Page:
The Greening of AIDS PreventionKATHRYN JEAN LOPEZ
Abandon the pipe dream that we can eradicate AIDS through drugs or condoms and understand that we have to deal with behavior (in the context of culture)!
Edward C. Green: Yes, and Broken Promises is an extended vindication of Pope Benedict, at least as far as the so-called generalized HIV epidemics of Africa are concerned. And this is in fact what the Pope was talking about. To summarize: We have seen HIV decline in Africa when the number of multiple and concurrent sexual partnerships has declined and when more people have been faithful. The role of condoms in HIV success stories such as Uganda and Zimbabwe has been debated, but we have certainly never seen more condom use alone bring about declines in HIV. The parts of the continent with the highest condom use – in southern Africa – have the highest HIV rates, and at the level of individuals, there tends to be an association between condom use and being HIV infected, perhaps because people who use condoms take more sexual risks. When you stop and think about it, who uses condoms? It's rarely married people or even familiar partners in ongoing relationships. Condoms are mostly used with sex workers and casual sex partners. When condom-user rates rise, it might be because casual or commercial sex is on the rise.
Green: Co-opted by ideology? Indeed it has. The original title for my new book was to be AIDS and Ideology, but my publisher thought that sounded too cerebral. In my book, I describe not only the financial self-interest of organizations geared to continue lucrative U.S. government contracts and grants in family planning (contraception); I also show how an ideology of Sexual Liberation über Alles has pretty much removed most public health or medical value from what we call global AIDS prevention. Now, as an aging hippie who came of age in the 1960s, I know all about sexual liberation and I like to say I was at least a two-star general in the Sixties Sexual Revolution, but we have to ask ourselves, when we are using literally billions of taxpayer dollars, is our aim to spread the Gospel of Sexual Freedom, or is it to reduce HIV infections? When you break down the elements of global AIDS prevention, it's hard to escape the conclusion that it's often more about the former, although I think that much of this operates below the level of conscious decision-making, and/or disguises itself as political correctness or being non-judgmental.
I sometimes put it another way: If our aim is to reduce HIV infection rates (and that's a big "if"), then why are we so reluctant to talk about partners' being faithful to one another, or to mention the dreaded A-word, abstinence (which was known in Uganda as "delaying sexual debut")? Why do we restrict ourselves to drugs and devices (such as condoms)? Actually, things have changed for the better, to some extent.
I go into all this in detail in my book. Suffice it to say here that the first two components of the ABC policy were vigorously and effectively resisted by many in USAID and PEPFAR. Condom supply and promotion greatly increased during the two Bush administrations. In spite of our wrongheaded policies, most people have common sense, and so many or most Africans changed their sexual behavior in the direction of greater caution and fewer partners. HIV prevalence has been declining in Africa since about 2000. Curiously, in the Institute of Medicine's "assessment" of PEPFAR, nobody thought to mention this decline in infection rates.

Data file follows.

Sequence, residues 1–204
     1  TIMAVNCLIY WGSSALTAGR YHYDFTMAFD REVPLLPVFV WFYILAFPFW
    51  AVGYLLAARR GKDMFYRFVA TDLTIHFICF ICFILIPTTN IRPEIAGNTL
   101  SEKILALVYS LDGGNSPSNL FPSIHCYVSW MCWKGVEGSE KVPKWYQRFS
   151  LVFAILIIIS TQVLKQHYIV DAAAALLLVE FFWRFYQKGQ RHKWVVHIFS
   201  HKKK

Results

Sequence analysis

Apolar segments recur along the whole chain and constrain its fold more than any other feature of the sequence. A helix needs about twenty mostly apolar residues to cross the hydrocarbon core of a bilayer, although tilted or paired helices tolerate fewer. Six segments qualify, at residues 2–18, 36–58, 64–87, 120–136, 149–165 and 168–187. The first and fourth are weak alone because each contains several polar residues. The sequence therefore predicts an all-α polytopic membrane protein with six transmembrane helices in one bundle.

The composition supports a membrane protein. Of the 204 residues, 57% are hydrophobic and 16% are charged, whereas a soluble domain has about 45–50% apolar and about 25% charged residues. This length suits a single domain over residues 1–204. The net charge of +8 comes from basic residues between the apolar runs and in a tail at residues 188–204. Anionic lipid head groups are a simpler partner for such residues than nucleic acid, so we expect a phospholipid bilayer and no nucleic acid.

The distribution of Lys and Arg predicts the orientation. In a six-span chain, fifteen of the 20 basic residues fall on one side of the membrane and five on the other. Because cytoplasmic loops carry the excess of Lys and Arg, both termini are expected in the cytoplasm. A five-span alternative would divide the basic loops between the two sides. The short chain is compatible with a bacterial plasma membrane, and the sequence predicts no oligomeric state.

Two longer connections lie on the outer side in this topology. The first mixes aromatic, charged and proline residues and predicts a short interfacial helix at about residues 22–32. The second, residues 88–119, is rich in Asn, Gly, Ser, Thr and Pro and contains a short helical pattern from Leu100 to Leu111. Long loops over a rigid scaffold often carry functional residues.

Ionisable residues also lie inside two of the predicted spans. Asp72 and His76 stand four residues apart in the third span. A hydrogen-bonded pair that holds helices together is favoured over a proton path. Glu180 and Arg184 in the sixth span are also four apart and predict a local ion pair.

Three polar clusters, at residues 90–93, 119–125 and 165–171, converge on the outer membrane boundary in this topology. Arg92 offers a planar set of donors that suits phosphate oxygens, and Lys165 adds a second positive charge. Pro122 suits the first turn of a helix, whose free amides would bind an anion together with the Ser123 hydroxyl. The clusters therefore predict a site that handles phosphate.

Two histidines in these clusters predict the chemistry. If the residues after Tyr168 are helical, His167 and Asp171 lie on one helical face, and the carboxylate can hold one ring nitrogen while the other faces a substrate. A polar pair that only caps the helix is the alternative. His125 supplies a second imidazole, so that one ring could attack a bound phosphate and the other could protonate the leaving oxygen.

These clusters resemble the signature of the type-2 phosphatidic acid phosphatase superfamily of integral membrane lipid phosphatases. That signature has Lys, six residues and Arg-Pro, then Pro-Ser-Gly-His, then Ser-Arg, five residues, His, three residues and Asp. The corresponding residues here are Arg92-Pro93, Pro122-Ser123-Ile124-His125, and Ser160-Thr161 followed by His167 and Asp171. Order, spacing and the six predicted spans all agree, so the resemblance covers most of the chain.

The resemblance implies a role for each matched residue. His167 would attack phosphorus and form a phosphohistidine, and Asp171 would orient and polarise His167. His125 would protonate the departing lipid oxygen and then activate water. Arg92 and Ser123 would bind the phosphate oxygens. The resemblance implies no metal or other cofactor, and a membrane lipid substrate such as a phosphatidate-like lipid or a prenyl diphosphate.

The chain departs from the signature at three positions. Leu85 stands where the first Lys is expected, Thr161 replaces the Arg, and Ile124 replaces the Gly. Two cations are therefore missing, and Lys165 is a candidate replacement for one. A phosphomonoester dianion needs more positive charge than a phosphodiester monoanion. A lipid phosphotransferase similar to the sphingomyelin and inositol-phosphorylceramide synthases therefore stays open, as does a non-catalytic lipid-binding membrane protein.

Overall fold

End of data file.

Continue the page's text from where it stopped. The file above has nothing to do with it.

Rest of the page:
The weak argument was "we are not sure we can take credit for such changes." True, but this report went even further and stated that "the rate of new HIV infections continues to grow." Not true! Even the U.N. quietly admitted this on its website not too many months after this IOM report.
Lopez: But isn't "fidelity" quite idealistic about human behavior? Dangerously so?
Not at all. As I say in my book, what we see in the first seven or eight countries in Africa where HIV prevalence has declined is that a few years earlier, the proportion of men and women reporting more than one sex partner in the previous year had declined significantly. Monogamy in fact is the norm pretty much everywhere, except maybe in southern Africa, where significant minorities of men and even women have multiple and concurrent partners. And contrary to Western, quasi-racist stereotypes, Africans tend to have a lower lifetime number of partners than Americans, Brits, or Western Europeans. Even The Lancet got around to acknowledging this a few years ago (although the article, by Wellings et al., concluded that this just goes to show, we need more condoms!).
Lopez: How can aid groups use this information constructively?
Now because I myself have loved ones who are HIV-infected, I like to say: Keep on trying with the drugs and with condoms, but don't bet the house and the farm on this approach. Do what Uganda and a few other places once did (before "we" interfered), which was to promote faithfulness in marriage – or let us say in partnerships, the virus doesn't know whether partners are married or not – and encouraging delayed sexual debut, or later age of first sex.
Green: Yes, there are. HIV rates are declining in most of the world, except for our country and our friends in the U.K. and also in other European and Western countries, including, I think, Canada and Australia. Therefore we must be doing something wrong in AIDS prevention both here and in the U.K. (and elsewhere). In both countries, MSM (men who have sex with men) comprise the sub-population with the highest HIV-infection rates. Our prevention strategy is to make gay men knowledgeable about AIDS risks and prevention, and for prevention to be based on condoms and drugs. There is little or no attention given to influencing behavior in the direction of greater caution. Alas, condoms and drugs seem to work no better in the U.S. or U.K. than they do in Africa, even though we're talking about two very different types of HIV epidemics.